"I should read the article."
Translation:Yo debería leer el artículo.
It is about consistency. Either they let us omit subject pronouns every time, or they require them every time there could be confusion. But not randomly require a pronoun one time out of twenty. In cases like this, as explained to me by a native speaker, in the absence of prior context, the assumption is yo, and if you want third person you put in the pronoun. If you omit it the yo is assumed in the absence of prior or following clarification.
Thanks for the link, but I am still none the wiser. It said that both forms are used, especially in the example given "¿Qué debo comer? " vs. "¿Qué debería comer?". I had typed "debo" in this question, and was looking for answers as to why it was wrong. Conclusion: only slightly wrong. Like "quisiera" or "gustaría". So tricky.
In this case the sentence was rejected on account of the personal pronoun "yo" being left out. Yet, in the same unit and on the same day, "entonces él debe ser detenido" was also rejected on account of the personal pronoun "él" being included. Duo, such inconsistencies do not inspire confidence; kindly review those sentences and accept them with and without the personal pronouns. Thank you.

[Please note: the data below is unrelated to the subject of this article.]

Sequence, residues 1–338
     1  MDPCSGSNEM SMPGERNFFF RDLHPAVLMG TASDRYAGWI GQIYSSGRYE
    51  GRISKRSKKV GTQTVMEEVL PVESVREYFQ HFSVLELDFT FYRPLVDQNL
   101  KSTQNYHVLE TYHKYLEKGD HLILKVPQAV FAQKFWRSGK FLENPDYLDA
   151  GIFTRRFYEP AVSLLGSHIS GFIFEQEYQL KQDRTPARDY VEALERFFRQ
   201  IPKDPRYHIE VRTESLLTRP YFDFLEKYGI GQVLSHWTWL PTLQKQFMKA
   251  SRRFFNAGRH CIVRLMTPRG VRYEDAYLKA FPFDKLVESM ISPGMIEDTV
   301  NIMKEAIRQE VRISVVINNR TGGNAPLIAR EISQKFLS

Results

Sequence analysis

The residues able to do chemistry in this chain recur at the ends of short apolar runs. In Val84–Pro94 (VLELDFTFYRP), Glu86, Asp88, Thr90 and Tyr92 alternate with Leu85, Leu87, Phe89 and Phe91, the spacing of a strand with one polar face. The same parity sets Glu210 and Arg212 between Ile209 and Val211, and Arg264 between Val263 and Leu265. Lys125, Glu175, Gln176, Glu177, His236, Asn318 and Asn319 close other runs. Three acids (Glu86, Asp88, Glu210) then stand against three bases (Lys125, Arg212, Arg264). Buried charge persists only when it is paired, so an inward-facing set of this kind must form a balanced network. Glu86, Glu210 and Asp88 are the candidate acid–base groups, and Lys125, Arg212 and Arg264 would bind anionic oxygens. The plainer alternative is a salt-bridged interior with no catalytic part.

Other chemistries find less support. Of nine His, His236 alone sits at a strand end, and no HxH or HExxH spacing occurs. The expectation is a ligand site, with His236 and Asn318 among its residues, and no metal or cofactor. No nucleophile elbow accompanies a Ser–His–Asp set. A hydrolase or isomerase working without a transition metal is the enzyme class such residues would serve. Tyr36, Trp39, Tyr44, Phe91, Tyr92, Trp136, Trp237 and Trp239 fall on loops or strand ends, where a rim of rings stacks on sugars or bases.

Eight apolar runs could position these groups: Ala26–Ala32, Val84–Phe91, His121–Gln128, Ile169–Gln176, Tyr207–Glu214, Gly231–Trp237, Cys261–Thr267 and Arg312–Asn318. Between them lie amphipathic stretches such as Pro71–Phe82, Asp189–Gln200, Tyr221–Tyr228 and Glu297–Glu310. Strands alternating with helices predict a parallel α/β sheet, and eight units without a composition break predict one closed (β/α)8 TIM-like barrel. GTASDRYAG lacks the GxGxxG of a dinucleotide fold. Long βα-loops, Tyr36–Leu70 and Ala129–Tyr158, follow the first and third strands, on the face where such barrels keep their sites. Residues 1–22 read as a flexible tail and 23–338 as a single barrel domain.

This is correct, though it's not what they are looking for in this lesson. Both "debo" and "debería" work as translations. It's because of the dual nature of the sentence in English. Think of it like this:
If you say, "I should read the article", you could be referring to the fact that right now the article is something you should be reading. So presently, there is something you should do, which is read the article. You could also be saying that conditionally, something you should do is read the article. The difference is slight. If you add more information to the sentence the difference becomes more clear.
"I should read the article, but I'm feeling lazy so I'm watching television instead."
"I should read the article, and I will if I have time."